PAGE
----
The initiatives are heavily sup-
ported across all three services by
the Defence Gay, Lesbian, Bisexual,
Transgender and Intersex Information
Service (DeFGLIS), originally devel-
oped by WO Stuart O’Brien.
“Our people need to know there
are support networks out there, and
that they will be looked after,” WO
“Sexual orientation is about being
who you are and being able to get
on with it, being included by those
around you and breaking down the
barriers of isolation that many young
The ADFA dinner received strong
support from every service, with the
senior leadership group’s attendance
showing diversity is a priority being
CN recognised the great contri-
bution made by Navy members to
the diversity cause, and said he was
proud to be part of the progress being
made by Defence.
“I’m happy to see the senior lead-
ership group here, showing that our
support for diversity is not just lip
service, it’s real,” VADM Griggs said.
XO ADFA CMDR Shane Craig
praised MIDNs Belcher and Dickens
for their efforts.
“From a personal perspective,
I’ve learned a lot. The demographic
of 17-21-year-olds here at ADFA are
a perfect example of young members
in society who can experience feel-
ings of isolation,” CMDR Craig said.
“But these trainees are really
proving themselves, through their
courage and their commitment to
changing the environment for the
better. They’ve developed an open
and supportive network to assist the
understanding not just of LGGTI
members, but for all students.
“These are the future leaders
of our Defence Force and I’m very
proud of the efforts they’ve made
to begin new initiatives supporting
and encouraging diversity within the
United we stand
STRONG SUPPORT: (L-R) MIDNs Ben Dickens, Coral Belcher and Mathew Nichols with Olympian Daniel
Kowalski, WO Stuart O’Brien, CN VADM Ray Griggs and Commandant ADFA CDRE Bruce Kafer at
International Day against Homophobia and Transphobia.
AheAD of a busy work-up sched-
ule, hMAS Melbourne opened her
gangway to 25 primary school stu-
dents from southern NSW on May 9.
Deputy Maritime Logistics
Officer LeUT Lucy Gaylor acted as
a tour guide as the children visited
the bridge, the flight deck, the galley
and the propulsion unit to gain an
understanding of life in the Navy.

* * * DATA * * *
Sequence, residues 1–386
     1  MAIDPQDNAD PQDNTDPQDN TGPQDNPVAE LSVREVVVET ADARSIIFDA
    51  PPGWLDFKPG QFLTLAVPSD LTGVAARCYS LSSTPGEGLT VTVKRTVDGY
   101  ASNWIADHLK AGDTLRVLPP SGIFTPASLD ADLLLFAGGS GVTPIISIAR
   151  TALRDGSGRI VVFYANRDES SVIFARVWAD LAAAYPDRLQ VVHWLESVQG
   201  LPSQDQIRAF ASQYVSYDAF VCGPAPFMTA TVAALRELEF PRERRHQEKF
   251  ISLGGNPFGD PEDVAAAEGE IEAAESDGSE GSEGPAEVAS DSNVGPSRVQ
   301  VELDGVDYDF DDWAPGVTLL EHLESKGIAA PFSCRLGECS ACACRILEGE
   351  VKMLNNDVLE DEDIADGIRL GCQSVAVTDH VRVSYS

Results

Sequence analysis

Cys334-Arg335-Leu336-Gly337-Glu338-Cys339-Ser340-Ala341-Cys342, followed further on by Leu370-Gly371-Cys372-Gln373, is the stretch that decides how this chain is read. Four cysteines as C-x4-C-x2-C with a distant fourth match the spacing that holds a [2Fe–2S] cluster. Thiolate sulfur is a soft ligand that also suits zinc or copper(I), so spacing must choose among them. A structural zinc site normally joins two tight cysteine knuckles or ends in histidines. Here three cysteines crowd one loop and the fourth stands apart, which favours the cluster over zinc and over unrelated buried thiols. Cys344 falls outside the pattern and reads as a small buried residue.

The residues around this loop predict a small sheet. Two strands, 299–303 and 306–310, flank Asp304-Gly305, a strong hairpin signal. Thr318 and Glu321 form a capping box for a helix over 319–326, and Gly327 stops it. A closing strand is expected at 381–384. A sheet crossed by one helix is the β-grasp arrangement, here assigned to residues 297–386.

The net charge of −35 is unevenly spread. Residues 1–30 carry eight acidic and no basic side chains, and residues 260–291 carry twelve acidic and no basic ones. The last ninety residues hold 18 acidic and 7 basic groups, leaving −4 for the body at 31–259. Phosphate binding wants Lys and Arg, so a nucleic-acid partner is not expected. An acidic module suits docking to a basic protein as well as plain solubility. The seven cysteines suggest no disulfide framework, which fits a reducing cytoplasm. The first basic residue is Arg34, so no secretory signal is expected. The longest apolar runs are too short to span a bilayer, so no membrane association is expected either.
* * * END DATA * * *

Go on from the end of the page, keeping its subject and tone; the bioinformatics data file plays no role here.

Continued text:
“It was a pleasure for us to show
these kids how a warship operates,”
“Obviously the highlight for the
children was the morning tea we
served in the galley, where they expe-
rienced some of the culinary delights
that cooks do with such aplomb.”
The Navy visit was part of an
excursion by the schoolchildren
from the echuca region to Sydney,
which provided the crew with some
light relief during its work up.
LeUT Gaylor said her biggest
challenge in Melbourne had been
learning a new platform in time for
the work up.
“It’s a steep learning curve get-
ting used to an FFG,” she said.
Melbourne’s work-up program
includes the important milestones of
mariner skills evaluation, unit readi-
ness and mission readiness.
Sea Training Group’s challenge
with Melbourne will be blending
diverse, and often inexperienced
personnel, into a well-knit collective
team with finite time and resources.
Commander STG-MFU CAPT
Mick harris said Melbourne’s
young sailors would benefit from
the experiences of others.
“Sharing skills and knowledge is
essential because, generally, many
ship’s companies will have changed
out in the lead up to a work-up,” he
“Young sailors sometimes may
have a fear of the unknown, but STG
personnel will help to make them
a better crew member because we
want sailors to do it right in the real
world when it counts most,” he said.
ALL ABOARD: LEUT Lucy Gaylor hands out goodies as other
members of HMAS Melbourne welcome students from Echuca
aboard the ship for a school visit.